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Unread 06-25-2003, 03:01 PM   #1
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Post Si quieres aprender español...

...¡estás en el lugar correcto!

Here we will have lessons for people wanting to learn the basics of Spanish. For now, the lessons will be in English.

How much we do will be dependent on the participation and feedback we get - so do let us know if you are following them at all so we can make the lessons better suited for you. Again, feedback/suggestions are always welcome.

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For me, kind Jesus, was thine incarnation;
thy mortal sorrow, and thy life's oblation;
thy death of anguish, and thy bitter passion,
for my salvation.

Therefore, kind Jesus, since I cannot pay thee,
I do adore thee, and will ever pray thee,
Think on thy pity and thy love unswerving,
not my deserving.
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Unread 06-25-2003, 03:30 PM   #2
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Lesson One/Lección Uno: The alphabet and vowels/El alfabeto y las vocales

Vowels/Las Vocales
Spanish vowels are the same as in English, except for (of course) pronunciation and the fickle letter 'y'.
A - an open "ah" sound - nearly equivalent to the English "father," but shorter
E - as in "labor," but shorter
I - as in "see"
O - a very closed, short "oh"
U - a short "oo" sound
As you can see, all vowels - at that, all sounds - in Spanish are pronounced shortly and without any elongation. Spanish vowels never change their designated pronunciation, and thus makes pronunciation generally much easier than in English.

Practice saying the vowels a few times until you've memorized them, then go on and practice the alphabet.

The Spanish alphabet
(Letter - name of letter)

A - a
B - be
C - ce
Ch - che
D - de (but a soft d, like the th- in "this" or "that")
E - e
F - efe
G - ge (this is a very hard, harsh "h" sound)
H - hache (always unpronounced/silent)
I - i
J - jota (an "h" sound)
K - ka
L - ele
LL - elle ("y" sound)
M - eme
N - ene
Ñ - eñe (sound like "enye")
O - o
P - pe
Q - cu
R - ere
RR - erre (trilled r - often the hardest sound for native English speakers to make)
S - ese
T - te
U - u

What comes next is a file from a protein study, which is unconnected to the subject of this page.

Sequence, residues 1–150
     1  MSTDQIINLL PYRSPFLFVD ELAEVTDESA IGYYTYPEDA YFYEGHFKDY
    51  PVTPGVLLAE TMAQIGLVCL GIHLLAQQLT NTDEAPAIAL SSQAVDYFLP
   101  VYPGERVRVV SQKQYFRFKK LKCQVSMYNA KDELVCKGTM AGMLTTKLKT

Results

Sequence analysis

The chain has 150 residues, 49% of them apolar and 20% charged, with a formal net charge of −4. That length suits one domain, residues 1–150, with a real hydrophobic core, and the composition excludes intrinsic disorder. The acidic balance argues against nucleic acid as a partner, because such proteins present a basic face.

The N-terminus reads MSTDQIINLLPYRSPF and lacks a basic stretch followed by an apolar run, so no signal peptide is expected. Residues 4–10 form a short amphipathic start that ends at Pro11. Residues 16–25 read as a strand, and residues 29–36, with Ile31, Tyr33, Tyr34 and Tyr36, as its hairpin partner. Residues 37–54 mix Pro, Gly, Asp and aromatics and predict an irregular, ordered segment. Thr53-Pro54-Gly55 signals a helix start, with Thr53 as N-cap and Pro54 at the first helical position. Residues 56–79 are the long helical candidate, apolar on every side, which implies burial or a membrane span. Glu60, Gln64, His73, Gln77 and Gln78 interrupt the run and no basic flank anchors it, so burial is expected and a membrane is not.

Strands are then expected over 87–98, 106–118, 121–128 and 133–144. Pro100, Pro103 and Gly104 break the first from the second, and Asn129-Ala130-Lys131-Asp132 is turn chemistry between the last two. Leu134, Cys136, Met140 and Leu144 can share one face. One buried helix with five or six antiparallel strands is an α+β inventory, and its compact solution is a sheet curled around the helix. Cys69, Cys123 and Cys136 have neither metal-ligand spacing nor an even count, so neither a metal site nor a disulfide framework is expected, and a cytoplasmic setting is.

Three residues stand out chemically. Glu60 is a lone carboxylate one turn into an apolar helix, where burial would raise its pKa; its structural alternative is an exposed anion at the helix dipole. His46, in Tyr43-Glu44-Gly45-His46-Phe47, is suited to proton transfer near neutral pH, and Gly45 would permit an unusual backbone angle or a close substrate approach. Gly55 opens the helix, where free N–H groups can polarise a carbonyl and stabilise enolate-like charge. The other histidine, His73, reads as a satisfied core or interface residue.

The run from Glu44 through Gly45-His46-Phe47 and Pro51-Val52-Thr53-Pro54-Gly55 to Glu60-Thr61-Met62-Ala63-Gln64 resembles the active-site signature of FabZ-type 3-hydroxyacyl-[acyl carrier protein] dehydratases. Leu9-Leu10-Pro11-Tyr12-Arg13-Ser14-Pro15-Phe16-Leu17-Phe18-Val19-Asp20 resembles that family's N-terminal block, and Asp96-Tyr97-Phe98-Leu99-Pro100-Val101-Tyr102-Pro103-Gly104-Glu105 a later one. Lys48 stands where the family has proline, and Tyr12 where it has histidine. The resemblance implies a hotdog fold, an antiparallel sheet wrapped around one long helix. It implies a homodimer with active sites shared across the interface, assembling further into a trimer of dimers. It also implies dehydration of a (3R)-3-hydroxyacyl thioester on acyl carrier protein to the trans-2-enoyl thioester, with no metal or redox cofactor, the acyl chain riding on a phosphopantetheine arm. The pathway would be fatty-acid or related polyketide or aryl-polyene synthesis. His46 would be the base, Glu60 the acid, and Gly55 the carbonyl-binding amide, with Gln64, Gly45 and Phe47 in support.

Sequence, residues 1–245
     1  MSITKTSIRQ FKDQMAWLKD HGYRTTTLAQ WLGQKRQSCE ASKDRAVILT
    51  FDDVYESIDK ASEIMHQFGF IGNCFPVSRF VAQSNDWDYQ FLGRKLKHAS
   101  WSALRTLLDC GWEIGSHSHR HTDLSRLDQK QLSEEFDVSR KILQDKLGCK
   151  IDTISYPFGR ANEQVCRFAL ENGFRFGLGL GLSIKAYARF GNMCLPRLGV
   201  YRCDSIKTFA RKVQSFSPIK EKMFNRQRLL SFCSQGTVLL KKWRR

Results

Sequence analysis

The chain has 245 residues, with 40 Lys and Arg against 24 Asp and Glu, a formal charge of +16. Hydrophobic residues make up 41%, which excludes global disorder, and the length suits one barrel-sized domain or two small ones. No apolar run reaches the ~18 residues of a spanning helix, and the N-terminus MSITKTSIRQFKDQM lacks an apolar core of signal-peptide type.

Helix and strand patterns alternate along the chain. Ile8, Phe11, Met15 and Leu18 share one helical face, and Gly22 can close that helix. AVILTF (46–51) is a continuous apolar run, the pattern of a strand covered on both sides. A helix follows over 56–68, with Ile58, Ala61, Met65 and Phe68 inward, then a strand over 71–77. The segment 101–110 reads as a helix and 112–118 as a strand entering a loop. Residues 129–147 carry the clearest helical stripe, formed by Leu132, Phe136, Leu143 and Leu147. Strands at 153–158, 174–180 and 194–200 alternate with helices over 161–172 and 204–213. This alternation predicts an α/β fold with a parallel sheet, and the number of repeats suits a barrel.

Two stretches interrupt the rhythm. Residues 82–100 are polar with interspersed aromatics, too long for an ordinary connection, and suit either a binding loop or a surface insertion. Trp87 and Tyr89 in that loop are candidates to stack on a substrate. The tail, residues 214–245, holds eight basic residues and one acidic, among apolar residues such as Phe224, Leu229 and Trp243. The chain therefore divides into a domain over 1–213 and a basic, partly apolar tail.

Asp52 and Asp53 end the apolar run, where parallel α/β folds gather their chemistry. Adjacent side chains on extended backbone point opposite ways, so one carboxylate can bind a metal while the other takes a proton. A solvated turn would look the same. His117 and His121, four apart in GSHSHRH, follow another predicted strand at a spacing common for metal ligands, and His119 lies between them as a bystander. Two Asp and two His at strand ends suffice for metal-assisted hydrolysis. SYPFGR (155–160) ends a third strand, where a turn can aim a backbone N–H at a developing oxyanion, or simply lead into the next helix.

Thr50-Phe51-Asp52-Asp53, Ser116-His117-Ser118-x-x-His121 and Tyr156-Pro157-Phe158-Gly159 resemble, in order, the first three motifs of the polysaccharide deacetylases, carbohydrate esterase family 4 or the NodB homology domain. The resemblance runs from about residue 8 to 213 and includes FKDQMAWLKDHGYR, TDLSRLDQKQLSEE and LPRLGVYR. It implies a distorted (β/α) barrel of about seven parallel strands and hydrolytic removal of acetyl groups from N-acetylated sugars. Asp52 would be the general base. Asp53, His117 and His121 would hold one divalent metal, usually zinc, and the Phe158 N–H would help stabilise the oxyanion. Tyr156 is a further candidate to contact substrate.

V - ve
W - doble v
X - equis (note about "qu" - the "u" is never pronounced, making "equis" sound like "ek EES")
Y - i griega
Z - zeta (always pronounced with an "s" sound - the "z" sound like in "zen" doesn't actually exist in Spanish)

Sound attachments for vowels and full alphabet:
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For me, kind Jesus, was thine incarnation;
thy mortal sorrow, and thy life's oblation;
thy death of anguish, and thy bitter passion,
for my salvation.

Therefore, kind Jesus, since I cannot pay thee,
I do adore thee, and will ever pray thee,
Think on thy pity and thy love unswerving,
not my deserving.

Last edited by Laura; 08-08-2003 at 03:48 PM. Reason: Sound
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Unread 07-17-2003, 08:02 AM   #3
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More pronunciation for you...

B & V

The Spanish 'b' and 'v' are pronounced exactly alike. Depending on the regional dialect, you may hear a 'v' sound, but it isn't standard Spanish according to the <a href="http://www.rae.es/">RAE</a>. (RAE stands for Real Academia Española, and it's a government-founded organization that is the authority on standard Spanish.)

There are two sounds for b/v: hard and soft. At the beginning of a word and after 'm' or 'n', the hard b/v is used. The hard b/v is essentionally identical to the English 'b', but the lips are held tense. The rest of the time, the soft b/v is used, which is not a sound found in English. It's basically an open English 'b', but the lips are not allowed to touch. If you can't do that at first, don't worry, you'll be understood using simply the English 'b'.

Stress & Accents

"Stress" is important in Spanish; it refers to how loudly the syllable is pronounced. In most words, the stress is on the second-to-last syllable. If not, it will be marked with an accent:

papa (PApa - potato)
papá (paPA - dad)

As you can see, accents can change the meaning of a word completely. They don't, however, change the pronunciation of the letter that they mark (except for the tilde over 'n', which causes it to be pronounced like "ny", as in "canyon").
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Unread 07-29-2003, 07:20 PM   #4
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Verb Endings
One thing that makes learning Spanish relatively easy is the uniform spelling of verbs. There are three different word endings that will always signify a Spanish verb - you will never see a verb that ends in something different. These are -ar, -er, and -ir verbs. An example of each: